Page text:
Moving Books

…And by that, I mean the books I read while we were moving. The books themselves did not, by and largely, particularly move me.  I’m just providing a quick synopsis, and, if I felt strongly about a book, my humble opinion. Take it for what it’s worth…not much, but if you’re looking for a really good book, there are several here!

Inferno (Robert Langdon, #4)   The Panther  (John Corey, #6)   The Shoemaker's Wife

Beautiful Ruins   The Girl with the Dragon Tattoo (Millennium, #1)    Comfort Food

Executive Privilege (Dana Cutler, #1)    Molokai'i    Chitty Chitty Bang Bang Flies Again

1. Inferno by Dan Brown : I loved Brown’s earlier books, but this just seemed formulaic and, frankly, boring. It read more like a travelogue of Italy, with long and wordy descriptions of the architecture that I thought did nothing to enhance the tale.

In the heart of Italy, Harvard professor of symbology Robert Langdon is drawn into a harrowing world centered on one of history’s most enduring and mysterious literary masterpieces . . . Dante’s Inferno.
Against this backdrop, Langdon battles a chilling adversary and grapples with an ingenious riddle that pulls him into a landscape of classic art, secret passageways, and futuristic science. Drawing from Dante’s dark epic poem, Langdon races to find answers and decide whom to trust . . . before the world is irrevocably altered.

2. The Panther by Nelson DeMille:  The latest by one of my favorite writers, this thriller kept me reading late into the night.  I enjoy the sarcastic hero, John Corey, as well as the plots of the novels (this is one of several recurring characters in Demille’s books).

Anti-Terrorist Task Force agent John Corey and his wife, FBI agent Kate Mayfield, have been posted overseas to Sana’a, Yemen-one of the most dangerous places in the Middle East. While there, they will be working with a small team to track down one of the masterminds behind the USS Cole bombing: a high-ranking Al Qaeda operative known as The Panther. Ruthless and elusive, he’s wanted for multiple terrorist acts and murders-and the U.S. government is determined to bring him down, no matter the cost. As latecomers to a deadly game, John and Kate don’t know the rules, the players, or the score. What they do know is that there is more to their assignment than meets the eye-and that the hunters are about to become the hunted. Filled with breathtaking plot turns and told in John Corey’s inimitable voice, THE PANTHER is a brilliant depiction of one of the most treacherous countries in the world and raises disturbing questions about whether we can ever know who our enemies – or our allies – really are.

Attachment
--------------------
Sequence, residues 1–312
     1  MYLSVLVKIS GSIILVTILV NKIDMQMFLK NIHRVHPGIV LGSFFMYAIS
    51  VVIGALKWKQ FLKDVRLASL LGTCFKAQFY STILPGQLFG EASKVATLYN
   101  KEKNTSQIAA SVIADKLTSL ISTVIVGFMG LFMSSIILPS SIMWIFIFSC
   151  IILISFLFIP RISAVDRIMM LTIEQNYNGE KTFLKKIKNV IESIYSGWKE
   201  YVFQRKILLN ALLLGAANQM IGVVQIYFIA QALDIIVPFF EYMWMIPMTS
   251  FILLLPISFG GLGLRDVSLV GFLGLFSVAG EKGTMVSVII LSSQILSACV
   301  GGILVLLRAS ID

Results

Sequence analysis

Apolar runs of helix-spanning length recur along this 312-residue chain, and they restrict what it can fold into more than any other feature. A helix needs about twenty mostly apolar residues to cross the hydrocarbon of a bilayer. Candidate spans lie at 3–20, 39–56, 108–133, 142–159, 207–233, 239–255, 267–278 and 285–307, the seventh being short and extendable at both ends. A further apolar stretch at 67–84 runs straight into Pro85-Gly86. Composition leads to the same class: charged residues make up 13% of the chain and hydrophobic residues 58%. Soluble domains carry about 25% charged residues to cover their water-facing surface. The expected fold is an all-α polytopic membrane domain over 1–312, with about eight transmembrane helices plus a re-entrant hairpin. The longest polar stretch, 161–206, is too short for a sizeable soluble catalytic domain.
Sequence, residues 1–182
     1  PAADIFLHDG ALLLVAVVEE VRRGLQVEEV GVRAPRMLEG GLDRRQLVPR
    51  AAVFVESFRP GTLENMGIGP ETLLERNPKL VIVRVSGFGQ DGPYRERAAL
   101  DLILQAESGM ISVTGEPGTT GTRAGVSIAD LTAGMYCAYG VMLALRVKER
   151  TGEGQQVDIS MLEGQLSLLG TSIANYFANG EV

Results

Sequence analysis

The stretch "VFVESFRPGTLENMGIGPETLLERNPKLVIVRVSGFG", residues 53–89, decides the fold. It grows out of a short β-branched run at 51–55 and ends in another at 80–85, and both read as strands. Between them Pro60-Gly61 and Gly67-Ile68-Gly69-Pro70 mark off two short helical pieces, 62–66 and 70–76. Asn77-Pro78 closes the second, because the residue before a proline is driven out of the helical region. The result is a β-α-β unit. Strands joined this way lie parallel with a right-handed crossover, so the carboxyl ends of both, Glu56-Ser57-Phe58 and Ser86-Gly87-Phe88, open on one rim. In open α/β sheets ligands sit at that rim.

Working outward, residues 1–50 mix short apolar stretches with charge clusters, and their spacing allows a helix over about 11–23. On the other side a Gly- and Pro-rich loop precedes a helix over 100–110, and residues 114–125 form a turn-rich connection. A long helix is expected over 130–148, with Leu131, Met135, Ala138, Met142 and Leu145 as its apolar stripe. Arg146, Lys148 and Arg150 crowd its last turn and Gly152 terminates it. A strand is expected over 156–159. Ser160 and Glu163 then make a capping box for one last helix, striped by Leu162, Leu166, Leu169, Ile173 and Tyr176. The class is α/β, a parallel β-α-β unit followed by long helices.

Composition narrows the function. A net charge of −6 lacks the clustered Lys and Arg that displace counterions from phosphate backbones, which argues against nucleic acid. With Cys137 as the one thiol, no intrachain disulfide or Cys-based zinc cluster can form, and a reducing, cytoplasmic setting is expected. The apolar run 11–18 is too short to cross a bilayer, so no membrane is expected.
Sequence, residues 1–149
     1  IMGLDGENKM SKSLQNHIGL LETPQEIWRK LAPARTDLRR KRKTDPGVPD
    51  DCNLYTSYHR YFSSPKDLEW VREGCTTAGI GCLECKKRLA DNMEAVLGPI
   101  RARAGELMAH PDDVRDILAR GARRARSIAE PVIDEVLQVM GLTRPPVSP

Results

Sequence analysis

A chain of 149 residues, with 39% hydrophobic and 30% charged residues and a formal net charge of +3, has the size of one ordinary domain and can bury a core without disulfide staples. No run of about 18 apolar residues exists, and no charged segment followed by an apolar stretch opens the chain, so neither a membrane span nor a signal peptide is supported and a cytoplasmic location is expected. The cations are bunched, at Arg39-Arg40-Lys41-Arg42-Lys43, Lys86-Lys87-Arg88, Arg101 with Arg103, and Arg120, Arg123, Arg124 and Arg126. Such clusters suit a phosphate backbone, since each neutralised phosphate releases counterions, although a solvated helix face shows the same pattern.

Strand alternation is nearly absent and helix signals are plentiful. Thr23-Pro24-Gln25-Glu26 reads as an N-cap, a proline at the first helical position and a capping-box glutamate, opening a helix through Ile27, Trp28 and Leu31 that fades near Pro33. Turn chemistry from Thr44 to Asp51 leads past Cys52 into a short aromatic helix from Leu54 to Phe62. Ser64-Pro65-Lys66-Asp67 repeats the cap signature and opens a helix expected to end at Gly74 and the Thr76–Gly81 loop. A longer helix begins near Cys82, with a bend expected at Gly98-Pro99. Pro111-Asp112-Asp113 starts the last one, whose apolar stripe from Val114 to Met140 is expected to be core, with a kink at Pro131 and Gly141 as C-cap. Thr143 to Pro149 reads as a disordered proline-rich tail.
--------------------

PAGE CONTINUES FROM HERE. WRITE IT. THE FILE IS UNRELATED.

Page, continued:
3. The Shoemaker’s Wife by Adriana Trigiani:  I didn’t enjoy this as much as Trigiani’s Big Stone Gap series or Valentine series, but it was still quite entertaining, perhaps more so once I read it was based on her grandparents’ story.

The majestic and haunting beauty of the Italian Alps is the setting of the first meeting of Enza, a practical beauty, and Ciro, a strapping mountain boy, who meet as teenagers, despite growing up in villages just a few miles apart. At the turn of the last century, when Ciro catches the local priest in a scandal, he is banished from his village and sent to hide in America as an apprentice to a shoemaker in Little Italy. Without explanation, he leaves a bereft Enza behind. Soon, Enza’s family faces disaster and she, too, is forced to go to America with her father to secure their future.
Unbeknownst to one another, they both build fledgling lives in America, Ciro masters shoemaking and Enza takes a factory job in Hoboken until fate intervenes and reunites them. But it is too late: Ciro has volunteered to serve in World War I and Enza, determined to forge a life without him, begins her impressive career as a seamstress at the Metropolitan Opera House that will sweep her into the glamorous salons of Manhattan and into the life of the international singing sensation, Enrico Caruso.
From the stately mansions of Carnegie Hill, to the cobblestone streets of Little Italy, over the perilous cliffs of northern Italy, to the white-capped lakes of northern Minnesota, these star-crossed lovers meet and separate, until, finally, the power of their love changes both of their lives forever.

4. Beautiful Ruins by Jess Walter: Loved it. You should read it right now.

The story begins in 1962. On a rocky patch of the sun-drenched Italian coastline, a young innkeeper, chest-deep in daydreams, looks on over the incandescent waters of the Ligurian Sea and spies an apparition: a tall, thin woman, a vision in white, approaching him on a boat. She is an actress, he soon learns, an American starlet, and she is dying.
And the story begins again today, half a world away, when an elderly Italian man shows up on a movie studio’s back lot-searching for the mysterious woman he last saw at his hotel decades earlier.
What unfolds is a dazzling, yet deeply human, roller coaster of a novel, spanning fifty years and nearly as many lives. From the lavish set of Cleopatra to the shabby revelry of the Edinburgh Fringe Festival, Walter introduces us to the tangled lives of a dozen unforgettable characters: the starstruck Italian innkeeper and his long-lost love; the heroically preserved producer who once brought them together and his idealistic young assistant; the army veteran turned fledgling novelist and the rakish Richard Burton himself, whose appetites set the whole story in motion-along with the husbands and wives, lovers and dreamers, superstars and losers, who populate their world in the decades that follow.